Oct 3, 2018 in Case Studies
  1. If I were one of the board members, I would certainly vote for refitting of the temporary plant. The primary reason for that would be the need to save the entire Byte Products, Inc. Despite the possibility of partial income loss due to the technological discrepancy, the plant will only be working for three years, and would be afterwards closed. There would be no need to license Byte’s product and process technology to other manufacturers, either domestic or foreign ones. Another good reason to do so is keeping the production quality control in the company’s hands. Launching the plant for three years would also enable the company to keep the steady prices on their products, i.e. the company will keep its share of the market.
  2. Considering the fact that Byte wants this plant to work for another three years, administrators of the plant necessarily have to be informed about the plant’s short-term revival. They have to be aware of any details that could help manage the factory in an outstanding manner for the next three years. Informing the future employees about the short period of the plant’s work could lead to some unwanted consequences. Announcing this fact at the time of hiring the workers might cause lack of the work force. People from the local community would be eager to get any job, considering suffering of their area from the job deficit. Potential employees, living beyond the local community, might change their mind once they have learnt about the short time the plant is going to work. The reason to that is that the local authorities will definitely be aware of the Byte’s plans to shut down the plant in 3 years, and they will not be investing in the development of the local infrastructure, as constructing schools, recreation sites etc. Local banks will not be giving away credits for the new employees to buy homes, cars, and so on, as they would understand these people are to lose their jobs in 3 years, and they will experience difficulties repaying the credits in future.
  3. Small towns, like Plainville, greatly depend on the major businesses, like Byte in this case. Such businesses supply the local people with a place to work. Also, they allow the infrastructure development. Minor financial investments vouch the local communities’ steady development. In case such business decides to shut down its plant, the impact on such towns as Plainville might be devastating. Firstly, most of the town population is usually employed by such companies. They are the ones, paying taxes to maintain the town. In case the plant goes out of business, both the employees and the local community will suffer a considerable loss. Employees will turn jobless and leave the town to seek for a new job. Local government will suffer from the outflow of funds. The town might become quite deserted and go off the map in a few years.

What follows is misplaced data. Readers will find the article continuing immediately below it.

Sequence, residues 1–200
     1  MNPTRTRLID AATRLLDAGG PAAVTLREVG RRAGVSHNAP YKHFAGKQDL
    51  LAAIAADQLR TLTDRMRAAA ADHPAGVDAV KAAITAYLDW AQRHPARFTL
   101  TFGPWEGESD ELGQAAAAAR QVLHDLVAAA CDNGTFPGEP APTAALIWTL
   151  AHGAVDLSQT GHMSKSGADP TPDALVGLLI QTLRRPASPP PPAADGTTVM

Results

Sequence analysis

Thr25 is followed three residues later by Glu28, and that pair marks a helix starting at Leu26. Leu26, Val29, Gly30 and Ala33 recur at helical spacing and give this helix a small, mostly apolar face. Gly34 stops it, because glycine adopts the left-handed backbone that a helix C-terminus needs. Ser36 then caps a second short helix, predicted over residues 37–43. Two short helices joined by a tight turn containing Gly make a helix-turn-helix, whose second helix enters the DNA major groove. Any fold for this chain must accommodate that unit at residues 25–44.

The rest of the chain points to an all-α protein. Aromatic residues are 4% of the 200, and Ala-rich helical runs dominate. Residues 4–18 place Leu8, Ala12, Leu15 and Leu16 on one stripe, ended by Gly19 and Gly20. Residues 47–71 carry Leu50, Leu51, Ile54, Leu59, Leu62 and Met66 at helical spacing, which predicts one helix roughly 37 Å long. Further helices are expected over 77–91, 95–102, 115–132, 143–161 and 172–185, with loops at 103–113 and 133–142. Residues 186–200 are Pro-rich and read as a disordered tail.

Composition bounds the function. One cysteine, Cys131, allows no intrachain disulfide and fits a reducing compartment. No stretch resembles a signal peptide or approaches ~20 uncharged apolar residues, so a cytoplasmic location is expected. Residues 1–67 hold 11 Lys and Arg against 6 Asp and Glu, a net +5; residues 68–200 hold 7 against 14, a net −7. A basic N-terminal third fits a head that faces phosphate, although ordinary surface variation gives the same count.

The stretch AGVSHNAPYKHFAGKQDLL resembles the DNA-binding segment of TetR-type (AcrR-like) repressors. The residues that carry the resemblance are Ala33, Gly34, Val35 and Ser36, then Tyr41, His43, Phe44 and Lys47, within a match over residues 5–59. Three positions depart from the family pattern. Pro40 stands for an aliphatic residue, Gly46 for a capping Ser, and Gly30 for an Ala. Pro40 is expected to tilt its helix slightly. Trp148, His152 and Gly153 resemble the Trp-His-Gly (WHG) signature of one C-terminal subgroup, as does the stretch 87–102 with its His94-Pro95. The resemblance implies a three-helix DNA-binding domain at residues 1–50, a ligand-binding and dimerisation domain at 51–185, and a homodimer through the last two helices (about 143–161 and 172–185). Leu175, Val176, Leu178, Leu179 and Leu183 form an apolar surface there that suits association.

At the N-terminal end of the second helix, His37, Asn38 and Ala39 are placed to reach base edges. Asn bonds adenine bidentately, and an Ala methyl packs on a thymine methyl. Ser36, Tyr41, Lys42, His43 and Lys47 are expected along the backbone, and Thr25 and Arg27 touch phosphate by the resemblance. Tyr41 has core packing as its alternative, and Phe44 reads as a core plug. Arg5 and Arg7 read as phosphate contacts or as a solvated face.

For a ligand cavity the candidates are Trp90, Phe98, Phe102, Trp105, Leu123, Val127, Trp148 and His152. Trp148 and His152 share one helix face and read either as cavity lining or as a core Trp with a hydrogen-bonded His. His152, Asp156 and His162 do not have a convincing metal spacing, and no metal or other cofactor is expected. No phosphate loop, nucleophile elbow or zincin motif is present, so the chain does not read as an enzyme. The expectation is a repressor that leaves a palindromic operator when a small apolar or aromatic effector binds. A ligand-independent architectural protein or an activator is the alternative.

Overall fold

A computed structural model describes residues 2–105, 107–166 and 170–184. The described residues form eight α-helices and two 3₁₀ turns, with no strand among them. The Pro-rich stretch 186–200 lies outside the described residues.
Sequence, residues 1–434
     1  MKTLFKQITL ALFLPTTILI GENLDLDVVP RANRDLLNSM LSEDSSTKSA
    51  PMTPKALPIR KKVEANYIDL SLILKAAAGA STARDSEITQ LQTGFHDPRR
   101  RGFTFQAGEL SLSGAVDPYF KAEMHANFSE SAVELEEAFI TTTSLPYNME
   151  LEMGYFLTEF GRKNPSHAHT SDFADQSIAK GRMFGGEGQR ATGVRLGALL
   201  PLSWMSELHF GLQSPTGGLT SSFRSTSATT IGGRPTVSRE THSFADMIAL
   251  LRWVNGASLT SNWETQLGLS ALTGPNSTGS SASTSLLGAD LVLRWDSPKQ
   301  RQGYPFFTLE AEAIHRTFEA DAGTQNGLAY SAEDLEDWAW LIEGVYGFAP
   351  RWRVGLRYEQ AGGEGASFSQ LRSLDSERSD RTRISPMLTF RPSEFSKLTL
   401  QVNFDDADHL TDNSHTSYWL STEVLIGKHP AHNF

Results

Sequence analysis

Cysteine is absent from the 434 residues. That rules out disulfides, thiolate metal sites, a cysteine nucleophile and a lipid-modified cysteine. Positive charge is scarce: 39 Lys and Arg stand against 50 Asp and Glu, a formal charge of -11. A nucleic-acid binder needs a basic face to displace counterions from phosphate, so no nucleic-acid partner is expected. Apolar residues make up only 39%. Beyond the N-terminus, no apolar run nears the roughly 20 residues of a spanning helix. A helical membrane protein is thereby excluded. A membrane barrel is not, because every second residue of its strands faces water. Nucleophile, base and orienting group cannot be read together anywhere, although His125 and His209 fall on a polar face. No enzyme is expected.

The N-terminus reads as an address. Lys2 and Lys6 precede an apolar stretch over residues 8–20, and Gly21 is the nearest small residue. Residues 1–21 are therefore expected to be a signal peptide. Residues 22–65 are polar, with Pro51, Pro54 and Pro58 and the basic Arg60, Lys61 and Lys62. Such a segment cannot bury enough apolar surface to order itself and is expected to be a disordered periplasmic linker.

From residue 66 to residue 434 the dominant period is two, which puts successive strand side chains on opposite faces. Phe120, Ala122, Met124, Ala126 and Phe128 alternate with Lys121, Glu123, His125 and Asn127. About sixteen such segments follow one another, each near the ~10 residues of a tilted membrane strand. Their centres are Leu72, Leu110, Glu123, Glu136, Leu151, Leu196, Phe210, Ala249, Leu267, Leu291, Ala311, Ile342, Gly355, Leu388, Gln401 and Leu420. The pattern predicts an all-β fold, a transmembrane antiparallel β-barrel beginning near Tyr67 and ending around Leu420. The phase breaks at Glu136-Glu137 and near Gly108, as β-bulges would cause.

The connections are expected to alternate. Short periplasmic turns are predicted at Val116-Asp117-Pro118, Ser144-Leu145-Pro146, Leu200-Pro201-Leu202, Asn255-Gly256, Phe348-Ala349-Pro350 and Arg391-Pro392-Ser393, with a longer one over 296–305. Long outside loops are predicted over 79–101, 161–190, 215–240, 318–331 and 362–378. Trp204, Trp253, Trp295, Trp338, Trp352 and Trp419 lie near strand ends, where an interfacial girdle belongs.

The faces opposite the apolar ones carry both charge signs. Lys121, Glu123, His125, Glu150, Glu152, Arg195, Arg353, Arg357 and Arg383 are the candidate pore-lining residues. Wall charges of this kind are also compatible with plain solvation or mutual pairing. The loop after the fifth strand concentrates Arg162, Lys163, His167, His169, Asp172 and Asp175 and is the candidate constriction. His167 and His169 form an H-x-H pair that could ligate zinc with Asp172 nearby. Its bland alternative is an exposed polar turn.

4. The compromise could be reached by launching the production in Plainville, and not closing it in 3 years. Number of workers might me reduced slightly, technological equipment can be optimized and modernized, eventually making it state-of-the-art; and in a few more years the plant in Plainville might become one of the Byte’s key manufacture sites.
  5. If I were Elliot, I would postpone the voting till the next time. Considering the fact that after the discussion with Mr. Williams several board members changed their opinions, the board definitely could not make a unanimous decision. And so far as such an important decision has to be entirely supported by all the board members, I would have done some changes to my proposal and also provided some more solid arguments to support it.

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